In his book Mitch Joel provides *excellent* advice for businesses looking to move forward and survive and I thought it’d be valuable for me to share some of the parts that I found most relevant and useful for wellness and service businesses.
From Me to You – Instead of thinking that you love your customer, think about what they are doing and how you can help them. ie. think from your customer’s point of view not your own. I’d suggest thinking about what they want or what their problems are and how you can help them. Maybe it’s hosting a very low cost session packed with advice on one of their problems. Or offering free 10 minute sessions once in a while. (trials only….don’t give away everything!!) I think this also makes good business sense – someone can try your service before they buy. But you have to be okay with not getting paid.
The “new consumers” are not linear – they are scattered, connected and social.
If you think about the process you go through when purchasing something this makes sense. You’ll look for online reviews, ask friends what they think via social media, look at a few stores…..etc. etc. This is why I think just having a website is not enough marketing for most businesses. Maybe add on online reviews, plus a strong referral/loyalty program and that’d be enough….but not just a website.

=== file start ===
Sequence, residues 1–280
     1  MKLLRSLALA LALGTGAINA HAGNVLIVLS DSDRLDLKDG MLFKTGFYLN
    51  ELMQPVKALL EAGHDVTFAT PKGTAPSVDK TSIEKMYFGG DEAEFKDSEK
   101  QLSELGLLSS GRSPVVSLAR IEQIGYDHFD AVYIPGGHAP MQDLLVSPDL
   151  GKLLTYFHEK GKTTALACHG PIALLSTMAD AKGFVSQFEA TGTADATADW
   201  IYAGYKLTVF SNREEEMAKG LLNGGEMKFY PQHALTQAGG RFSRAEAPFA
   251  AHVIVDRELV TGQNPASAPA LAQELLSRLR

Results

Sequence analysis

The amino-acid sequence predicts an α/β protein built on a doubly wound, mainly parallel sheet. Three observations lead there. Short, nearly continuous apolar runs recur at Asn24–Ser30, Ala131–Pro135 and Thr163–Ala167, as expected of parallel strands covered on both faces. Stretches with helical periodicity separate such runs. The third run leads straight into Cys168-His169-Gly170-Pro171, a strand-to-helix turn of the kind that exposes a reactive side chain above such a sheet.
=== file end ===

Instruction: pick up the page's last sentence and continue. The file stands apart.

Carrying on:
The one-screen world- We no longer use one screen for watching tv, one screen as a computer and one screen for a phone…..everything is converging, and quickly. And if you think your customers are not online now, well, they will be very soon. Be ready! Joel suggests that to survive entrepreneurs need to adopt a digital-first posture. I’d say at a minimum have a mobile-friendly website.
Joel also talks about the importance of data – tracking results. In my opinion you can’t get anywhere if you don’t know where you are, so I wholeheartedly agree!
And a useful reminder….
“When you’re on a media, look around and ask yourself — Why are people here? What are they doing here? What is their experiential intent when they come here and how would I – as a brand or a company – be able to better connect without disrupting their experience? Can I provide a truly additive dose of value?”
One final note: I found the book so jam packed with good ideas that I’d suggest reading the book in chunks rather than all at once.
Are there any business books you’d recommend? Please share below!
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